Phytanoyl-CoA dioxygenase Structure

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Originally, the structure of our protein was experimentally defined via X-ray diffraction (by Zhang, Z., Butler, D., McDonough, M.A The conditions are as follows -

pH 7.0
Temperature 293.0

The results of the crystallography were as follows (from

Name - Phytanoyl-CoA dioxygenase (PHYHD1)
Classification - Oxidoreductase, PhyH is a peroxisomal enzyme catalysing the first step of phytanic acid alpha-oxidation (Sanger Institute)
Resolution (Amstrongs) - 1.90
R-Value - 0.221 (obs, relatively low)
Space Group - P 3.1 2 1
Unit Cell Paramters (Amstrongs) - a = 91.97, b = 91.97, c = 81.61
Unit Cell Angles - alpha = 90.00, beta = 90.00, gamma = 120.00

Using Pymol the image was visualized to get a general overview of the protein. These are below.

Figure 1
This image was taken from behind the pocket of the molecule (cartoon).

Figure 2
The pocket can be seen here in a cartoon depiction.

Figure 3
The surface was rendered and the image from behind the pocket was taken again.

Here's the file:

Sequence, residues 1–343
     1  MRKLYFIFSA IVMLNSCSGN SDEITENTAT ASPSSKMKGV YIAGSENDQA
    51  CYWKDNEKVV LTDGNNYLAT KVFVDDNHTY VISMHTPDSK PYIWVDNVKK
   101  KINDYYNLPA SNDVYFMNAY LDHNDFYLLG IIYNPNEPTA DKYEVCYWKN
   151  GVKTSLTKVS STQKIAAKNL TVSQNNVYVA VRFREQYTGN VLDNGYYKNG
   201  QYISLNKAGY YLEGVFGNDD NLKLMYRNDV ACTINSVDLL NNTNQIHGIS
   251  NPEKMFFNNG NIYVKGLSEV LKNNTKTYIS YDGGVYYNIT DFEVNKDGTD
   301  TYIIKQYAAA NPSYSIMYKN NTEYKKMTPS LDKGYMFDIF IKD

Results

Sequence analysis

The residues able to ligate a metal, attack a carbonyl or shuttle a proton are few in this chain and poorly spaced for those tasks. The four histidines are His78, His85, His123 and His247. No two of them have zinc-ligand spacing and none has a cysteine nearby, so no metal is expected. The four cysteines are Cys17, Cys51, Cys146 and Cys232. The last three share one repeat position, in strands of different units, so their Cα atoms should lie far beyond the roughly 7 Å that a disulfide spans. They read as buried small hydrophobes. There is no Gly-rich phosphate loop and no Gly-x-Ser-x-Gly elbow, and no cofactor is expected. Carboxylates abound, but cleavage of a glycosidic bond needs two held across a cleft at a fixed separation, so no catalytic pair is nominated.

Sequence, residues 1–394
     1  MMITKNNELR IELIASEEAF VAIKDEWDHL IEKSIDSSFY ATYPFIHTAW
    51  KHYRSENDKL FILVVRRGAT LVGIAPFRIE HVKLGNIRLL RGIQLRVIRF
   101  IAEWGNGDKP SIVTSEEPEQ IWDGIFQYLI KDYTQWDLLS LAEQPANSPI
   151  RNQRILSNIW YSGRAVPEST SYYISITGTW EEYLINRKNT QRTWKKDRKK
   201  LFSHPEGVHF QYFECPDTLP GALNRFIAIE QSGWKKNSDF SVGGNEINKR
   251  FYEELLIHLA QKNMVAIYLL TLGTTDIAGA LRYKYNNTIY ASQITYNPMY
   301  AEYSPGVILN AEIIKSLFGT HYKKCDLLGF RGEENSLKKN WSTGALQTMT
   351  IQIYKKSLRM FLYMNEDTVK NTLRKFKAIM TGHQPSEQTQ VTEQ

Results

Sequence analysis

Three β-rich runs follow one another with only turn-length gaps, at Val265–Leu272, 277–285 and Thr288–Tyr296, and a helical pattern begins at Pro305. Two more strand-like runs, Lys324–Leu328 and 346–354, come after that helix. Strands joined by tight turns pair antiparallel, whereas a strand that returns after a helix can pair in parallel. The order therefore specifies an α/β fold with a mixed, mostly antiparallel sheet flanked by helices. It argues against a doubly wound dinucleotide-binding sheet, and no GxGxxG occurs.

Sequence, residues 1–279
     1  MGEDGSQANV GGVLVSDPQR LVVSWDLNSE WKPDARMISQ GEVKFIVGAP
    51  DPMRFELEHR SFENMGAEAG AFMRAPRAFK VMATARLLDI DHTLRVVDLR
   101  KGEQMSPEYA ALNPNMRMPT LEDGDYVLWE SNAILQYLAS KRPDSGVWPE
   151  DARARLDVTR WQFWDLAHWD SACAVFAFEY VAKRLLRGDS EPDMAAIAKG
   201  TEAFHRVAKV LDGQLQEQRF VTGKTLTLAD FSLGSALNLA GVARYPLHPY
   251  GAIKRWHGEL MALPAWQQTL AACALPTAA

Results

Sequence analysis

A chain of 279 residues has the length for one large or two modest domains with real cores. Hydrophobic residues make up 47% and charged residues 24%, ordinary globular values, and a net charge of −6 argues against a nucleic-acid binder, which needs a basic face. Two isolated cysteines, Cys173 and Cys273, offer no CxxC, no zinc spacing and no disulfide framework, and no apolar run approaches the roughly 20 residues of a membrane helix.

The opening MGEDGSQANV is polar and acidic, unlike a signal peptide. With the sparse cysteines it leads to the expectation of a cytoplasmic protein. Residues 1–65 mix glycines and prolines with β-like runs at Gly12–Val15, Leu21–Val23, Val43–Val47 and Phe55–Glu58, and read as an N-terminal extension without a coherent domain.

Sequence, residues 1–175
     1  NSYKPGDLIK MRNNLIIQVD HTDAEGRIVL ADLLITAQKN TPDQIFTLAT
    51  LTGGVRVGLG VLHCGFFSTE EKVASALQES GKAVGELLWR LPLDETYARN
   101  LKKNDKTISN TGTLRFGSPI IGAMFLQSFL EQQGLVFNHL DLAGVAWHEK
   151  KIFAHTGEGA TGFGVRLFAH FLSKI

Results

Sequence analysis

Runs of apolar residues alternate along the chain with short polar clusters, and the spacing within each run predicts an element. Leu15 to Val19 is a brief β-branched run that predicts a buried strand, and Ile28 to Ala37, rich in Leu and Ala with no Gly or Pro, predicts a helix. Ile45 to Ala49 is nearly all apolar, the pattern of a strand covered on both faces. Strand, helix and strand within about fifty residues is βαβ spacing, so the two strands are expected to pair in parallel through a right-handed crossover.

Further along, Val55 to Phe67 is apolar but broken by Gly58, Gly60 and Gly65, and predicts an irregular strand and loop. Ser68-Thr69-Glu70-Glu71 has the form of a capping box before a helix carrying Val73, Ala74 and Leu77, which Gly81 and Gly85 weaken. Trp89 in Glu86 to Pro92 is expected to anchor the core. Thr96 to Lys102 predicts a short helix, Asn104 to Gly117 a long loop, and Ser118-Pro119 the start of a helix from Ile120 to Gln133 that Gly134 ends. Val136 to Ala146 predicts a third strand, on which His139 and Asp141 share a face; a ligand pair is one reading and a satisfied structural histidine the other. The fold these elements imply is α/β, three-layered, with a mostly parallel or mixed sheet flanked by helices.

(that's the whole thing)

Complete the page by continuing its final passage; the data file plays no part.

Figure 4
This is the surface rendering of the pocket.

There is a large hole in the structure of our protein (figure 2, figure 4). As steric hinderance is low and the surface area is maximized at this position, it would seem that this area should encompass the binding sites of our protein, or at least be the location of some form of interaction. The fact such a definitive hole in the structure of the protein exists lead us to investigate further properties around this region. Liam will go into more details as to the function of the binding sites and a comparison to a similar protein in his section.

There are high levels of steric hinderance if the approaching ligand comes from behind the molecule (figure 1, figure 3).

Promotif returned the following list of structural features.

4 Sheets
3 beta-hairpins
4 beta bulges
15 strands
10 helices
6 helix-helix interactions
24 beta turns
1 gamma turn

It should be noted that a large proportion of the alpha helices are located on the outside of the protein, while the core is mostly composed of beta sheets. One beta sheet is composed of 7 strands, this makes up most of the protein core. These structural characteristics are further shown in the topology maps below.

Figure 5
Showing the topology of the protein. Reproduced from the European Bioinformatics Institute.

Figure 6
Showing another topology of the protein. Reproduced from the European Bioinformatics Institute.